The Trial of Standing Bear

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Documents for Native American Suffrage, 1
Trial of Standing Bear (1879) (From “The Trial of Standing Bear,”

[Introduction: In 1879, Standing Bear of the Ponca nation, along with three other Poncas, left their reservation to return to their tribal lands to bury Standing Bear’s son. They were arrested and held by the U.S. Army, pending their return to the reservation. Two attorneys decided to challenge the U.S. government’s right to hold the Poncas.]

“The two attorneys then petitioned Judge Elmer S. Dundy of the United States District Court for a writ of habeas corpus to compel General Crook to justify his arrest of the Ponca. Dundy, known to be sympathetic to the downtrodden, issued the writ and ordered the opposing parties to appear before him. The trial opened in Omaha on April 30, 1879, and lasted for two days. G.M. Lambertson represented the U.S. Government and their argument was simply that the Indian was neither a person nor a citizen within the meaning of the law, and therefore could not bring suit of any kind against the government. Lambertson further contended that the Poncas adhered to their traditional ways, were dependent on the government, and as Indians, were not entitled to the rights and privileges of citizens.

The attorneys for the Indians stressed that the Poncas had renounced tribal authority, were engaged in farming, had made great advances in assimilation, and were entitled under the provisions of the Fourteenth Amendment to be treated like other people. The lawyers also argued that the U.S. Government had no right to take the Poncas' land or move them to Indian Territory.

After the attorneys presented their arguments, Judge Dundy allowed Standing Bear to address the court. Standing Bear did not speak English, but he was able to make an eloquent plea to the court through his interpreter, Susette ("Bright Eyes") LaFlesche.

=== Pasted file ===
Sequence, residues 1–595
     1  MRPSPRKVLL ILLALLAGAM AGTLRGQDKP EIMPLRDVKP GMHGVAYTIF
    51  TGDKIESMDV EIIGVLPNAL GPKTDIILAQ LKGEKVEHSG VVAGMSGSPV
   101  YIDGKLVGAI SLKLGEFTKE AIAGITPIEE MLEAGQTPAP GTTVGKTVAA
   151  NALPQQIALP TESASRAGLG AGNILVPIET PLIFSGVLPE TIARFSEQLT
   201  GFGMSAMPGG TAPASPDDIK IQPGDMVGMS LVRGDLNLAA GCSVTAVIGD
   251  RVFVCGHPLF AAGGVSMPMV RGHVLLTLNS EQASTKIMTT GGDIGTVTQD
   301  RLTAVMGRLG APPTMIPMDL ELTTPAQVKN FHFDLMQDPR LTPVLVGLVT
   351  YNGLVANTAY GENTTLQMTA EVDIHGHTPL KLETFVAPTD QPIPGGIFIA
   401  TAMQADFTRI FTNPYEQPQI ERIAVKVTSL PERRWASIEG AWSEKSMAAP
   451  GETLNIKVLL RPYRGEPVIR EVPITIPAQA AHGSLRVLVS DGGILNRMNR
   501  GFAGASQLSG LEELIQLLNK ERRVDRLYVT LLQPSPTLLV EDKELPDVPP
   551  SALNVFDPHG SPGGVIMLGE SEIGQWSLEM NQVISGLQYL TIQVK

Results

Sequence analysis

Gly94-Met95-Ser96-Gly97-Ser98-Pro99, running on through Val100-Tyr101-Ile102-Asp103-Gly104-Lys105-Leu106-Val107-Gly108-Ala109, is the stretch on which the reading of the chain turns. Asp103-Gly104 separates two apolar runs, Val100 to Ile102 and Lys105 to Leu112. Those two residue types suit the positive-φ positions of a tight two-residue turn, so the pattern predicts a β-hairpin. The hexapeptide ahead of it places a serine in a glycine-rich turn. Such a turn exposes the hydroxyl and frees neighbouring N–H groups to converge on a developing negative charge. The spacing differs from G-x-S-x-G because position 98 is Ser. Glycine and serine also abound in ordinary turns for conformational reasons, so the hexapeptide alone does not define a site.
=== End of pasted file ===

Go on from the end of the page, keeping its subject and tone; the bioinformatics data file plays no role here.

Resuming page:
Standing Bear rose, extended his hand toward the judge's bench --

"That hand is not the color of yours, but if I pierce it, I shall feel pain. If you pierce your hand, you also feel pain. The blood that will flow from mine will be the same color as yours. I am a man. God made us both."
After a short trial, Judge Elmer Dundy issued a ruling that surprised many observers and caused comment across the country. The ruling held that:
"First. That an Indian is a person with the meaning of the laws of the United States, and has therefore the right to sue out a writ of habeas corpus in a federal court and before a federal judge, in all cases where he may be confined, or in custody under color of authority of the United States, or where he is restrained of liberty in violation of the constitution or laws of the United States. . . .
        "That the Indians possess the inherent right of expatriation as well as the more fortunate white race, and have the inalienable right to 'life, liberty and the pursuit of happiness,' so long as they obey the laws and do not trespass on forbidden ground.”

Documents for Native American Suffrage, 2

From the Dawes Severalty Act (1887) (from The Dawes Act Signed,
[The Dawes Act was designed to encourage the breakup of reservations and the assimilation of Native Americans into American society. It allotted reservation land to individual Native American landholders as private property, permitting all unclaimed land to be sold at auction.]
SEC. 6. That upon the completion of said allotments and the patenting of the lands to said allottees, each and every member of the respective bands or tribes of Indians to whom allotments have been made shall have the benefit of and be subject to the laws, both civil and criminal, of the State or Territory in which they may reside; and no Territory shall pass or enforce any law denying any such Indian within its jurisdiction the equal protection of the law. And every Indian born within the territorial limits of the United States to whom allotments shall have been made under the provisions of this act, or under any law or treaty, and every Indian born within the territorial limits of the United States who has voluntarily taken up, within said limits, his residence separate and apart from any tribe of Indians therein, and has adopted the habits of civilized life, is hereby declared to be a citizen of the United States, and is entitled to all the rights, privileges, and immunities of such citizens, whether said Indian has been or not, by birth or otherwise, a member of any tribe of Indians within the territorial limits of the United States without in any manner affecting the right of any such Indian to tribal or other property.